by Dan Abnett, Andy Lanning, and Brad Walker

Setting the scene for the upcoming mini-series, we are re-introduced to Thanos, and get a recap of how he died, how he was brought back, and his current sate of rage. Brad Walker’s pencils are really good, even if it looks like Iron Man has a nose on one of the panels a few pages in. This one-shot connects all of the cosmic sagas going on and centers them around the Fault, a rip in space-time, and the cancerous threat coming from within it.

One of the fun little things is to see the Worldmind’s vocabulary worming its way into Nova’s speech patterns, as he talks about how “vital” it is to stop the Quasar imposter. Worldmind is always talking about how vital it is that Nova pay attention. Is this simple exposure, or is there something more insidious going on with the merging of Richard’s consciousness with Worldmind?

During the course of the battle, Adam Magus warps in a bunch of planets full of religious conversions, people who give him their power through worship. He ignites them all (hence the name of this one-shot), and rips the opening to the Fault open even wider. As Thanos breaks free of the restraints the Guardians of the Galaxy had him in, both the alter-Quasar and Magus bow before another alternate personality from the other side of the Fault: their master, Lord Mar-vell!

There’s also a reprint short story in the back featuring one of the battles between Drax and Thanos, and a couple pages of character sketches. All in all, this was the best read out of all six comics reviewed here in this section. If you can only get one, make this one it!

Wolverine: Origins 48

by Daniel Way and Will Conrad

Continued from Dark Wolverine 86, where Cloak teleported Romulus out of Daken’s reach at the last second, Logan lets Romulus know he will remain alive, trapped in the dimension accessed by Cloak. Then he stares at his birthplace and basically forgives the universe, and himself.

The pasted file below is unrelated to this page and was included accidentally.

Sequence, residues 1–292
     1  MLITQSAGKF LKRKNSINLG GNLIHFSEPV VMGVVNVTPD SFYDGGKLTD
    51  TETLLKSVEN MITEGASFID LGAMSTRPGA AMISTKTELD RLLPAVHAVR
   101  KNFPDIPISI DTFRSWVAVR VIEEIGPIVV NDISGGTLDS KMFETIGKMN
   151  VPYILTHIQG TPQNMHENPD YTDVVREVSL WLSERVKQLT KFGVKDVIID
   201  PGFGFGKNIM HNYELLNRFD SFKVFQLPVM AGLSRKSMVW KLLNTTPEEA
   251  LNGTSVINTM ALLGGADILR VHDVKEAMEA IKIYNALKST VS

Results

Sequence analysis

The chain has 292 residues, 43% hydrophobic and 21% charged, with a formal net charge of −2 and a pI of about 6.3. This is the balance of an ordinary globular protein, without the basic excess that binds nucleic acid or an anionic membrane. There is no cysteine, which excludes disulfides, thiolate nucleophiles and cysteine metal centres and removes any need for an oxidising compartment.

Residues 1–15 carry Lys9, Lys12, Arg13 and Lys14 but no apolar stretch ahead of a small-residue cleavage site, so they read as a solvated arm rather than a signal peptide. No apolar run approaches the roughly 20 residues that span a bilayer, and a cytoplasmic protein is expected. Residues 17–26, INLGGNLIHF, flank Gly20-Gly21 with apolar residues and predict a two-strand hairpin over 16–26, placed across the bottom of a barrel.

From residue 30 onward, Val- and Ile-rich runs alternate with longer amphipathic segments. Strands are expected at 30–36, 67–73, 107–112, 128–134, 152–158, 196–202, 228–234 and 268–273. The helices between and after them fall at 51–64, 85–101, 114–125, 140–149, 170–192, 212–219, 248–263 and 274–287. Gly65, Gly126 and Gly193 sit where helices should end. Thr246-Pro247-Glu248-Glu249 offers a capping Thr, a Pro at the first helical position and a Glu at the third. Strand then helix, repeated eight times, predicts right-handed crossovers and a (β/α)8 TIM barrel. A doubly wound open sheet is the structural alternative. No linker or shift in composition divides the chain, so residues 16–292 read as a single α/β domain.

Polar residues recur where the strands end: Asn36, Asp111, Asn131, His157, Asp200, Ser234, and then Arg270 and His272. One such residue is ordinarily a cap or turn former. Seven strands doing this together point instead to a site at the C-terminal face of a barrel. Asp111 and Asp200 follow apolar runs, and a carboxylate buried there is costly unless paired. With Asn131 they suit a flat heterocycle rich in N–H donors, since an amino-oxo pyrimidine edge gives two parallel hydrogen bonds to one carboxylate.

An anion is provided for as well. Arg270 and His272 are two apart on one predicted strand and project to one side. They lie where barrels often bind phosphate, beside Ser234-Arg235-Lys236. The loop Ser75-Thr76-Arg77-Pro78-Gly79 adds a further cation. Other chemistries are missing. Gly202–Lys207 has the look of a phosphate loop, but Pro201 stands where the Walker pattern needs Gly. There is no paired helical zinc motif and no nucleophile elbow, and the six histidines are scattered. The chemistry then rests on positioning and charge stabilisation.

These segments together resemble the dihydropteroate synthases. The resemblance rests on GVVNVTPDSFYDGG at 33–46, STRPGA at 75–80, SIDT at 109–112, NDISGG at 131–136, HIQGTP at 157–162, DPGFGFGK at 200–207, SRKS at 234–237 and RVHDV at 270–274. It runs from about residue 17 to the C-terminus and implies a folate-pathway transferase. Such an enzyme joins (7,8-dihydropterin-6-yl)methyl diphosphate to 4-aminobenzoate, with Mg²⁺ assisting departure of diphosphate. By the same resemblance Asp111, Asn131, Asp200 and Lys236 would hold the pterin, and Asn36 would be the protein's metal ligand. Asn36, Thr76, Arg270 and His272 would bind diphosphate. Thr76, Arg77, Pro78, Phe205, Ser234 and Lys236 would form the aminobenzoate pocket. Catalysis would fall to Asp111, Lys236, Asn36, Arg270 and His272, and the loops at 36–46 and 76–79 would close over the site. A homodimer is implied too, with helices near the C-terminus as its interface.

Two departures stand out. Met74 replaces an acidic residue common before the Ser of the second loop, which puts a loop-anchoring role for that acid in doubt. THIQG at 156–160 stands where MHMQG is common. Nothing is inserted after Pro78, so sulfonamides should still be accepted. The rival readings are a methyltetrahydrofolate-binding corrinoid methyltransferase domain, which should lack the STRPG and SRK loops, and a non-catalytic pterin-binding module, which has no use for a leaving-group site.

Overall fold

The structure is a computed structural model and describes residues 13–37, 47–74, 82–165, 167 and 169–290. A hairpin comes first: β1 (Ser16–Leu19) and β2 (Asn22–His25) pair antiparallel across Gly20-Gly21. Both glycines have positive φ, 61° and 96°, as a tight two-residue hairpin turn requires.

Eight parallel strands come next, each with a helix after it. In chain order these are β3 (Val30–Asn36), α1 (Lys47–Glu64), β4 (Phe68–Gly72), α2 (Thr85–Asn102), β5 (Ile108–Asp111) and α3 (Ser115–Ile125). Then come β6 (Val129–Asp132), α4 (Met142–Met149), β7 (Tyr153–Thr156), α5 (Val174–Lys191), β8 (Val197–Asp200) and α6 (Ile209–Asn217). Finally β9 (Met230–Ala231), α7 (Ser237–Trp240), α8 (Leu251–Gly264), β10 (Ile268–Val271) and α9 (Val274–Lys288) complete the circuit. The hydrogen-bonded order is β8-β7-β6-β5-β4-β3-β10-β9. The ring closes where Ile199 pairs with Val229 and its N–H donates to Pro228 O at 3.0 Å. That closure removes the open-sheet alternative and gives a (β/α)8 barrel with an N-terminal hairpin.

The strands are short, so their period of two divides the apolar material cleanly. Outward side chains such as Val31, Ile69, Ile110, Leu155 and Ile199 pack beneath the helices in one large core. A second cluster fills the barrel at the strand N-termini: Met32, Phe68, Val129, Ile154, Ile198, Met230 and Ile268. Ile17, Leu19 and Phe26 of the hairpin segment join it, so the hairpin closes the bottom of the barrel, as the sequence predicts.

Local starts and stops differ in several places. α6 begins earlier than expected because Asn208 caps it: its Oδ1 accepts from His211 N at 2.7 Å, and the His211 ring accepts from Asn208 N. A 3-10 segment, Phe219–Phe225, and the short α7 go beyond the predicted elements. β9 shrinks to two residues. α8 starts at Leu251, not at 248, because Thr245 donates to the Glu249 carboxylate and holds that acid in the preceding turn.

Almost at peace, he confronts Daken and beats him, with Way trying to reference the “training” that the Silver Samurai gave him as being crucial to this newfound ability. It’s nonsense, as Wolverine is one of the best fighters around, and learned to calm the raging beast and fight with his brains a long time ago. Only by ignoring about 50 years of character development can anyone think that there was something more for Logan to learn about fighting. It was ludicrous from step one. Anyway, Logan beats Daken, and carves out the deadly under-blades, leaving him the two fore-claws in each arm. Logan buries them with the Muramasa blade. It has all the feel to it of one of those urban legends about someone cutting out your liver and leaving you unconscious in the hotel bathtub.

As hackneyed as this story has become, this was about as good an ending as we could have expected, and I can only hope that Daken goes away for a while, as he was never written properly, and I am left with no good idea of what makes him tick, what kind of person he is, or anything that would make me care about him. I can’t wait for Logan to take his series back and go through some decent adventures for a change.

X-Force 27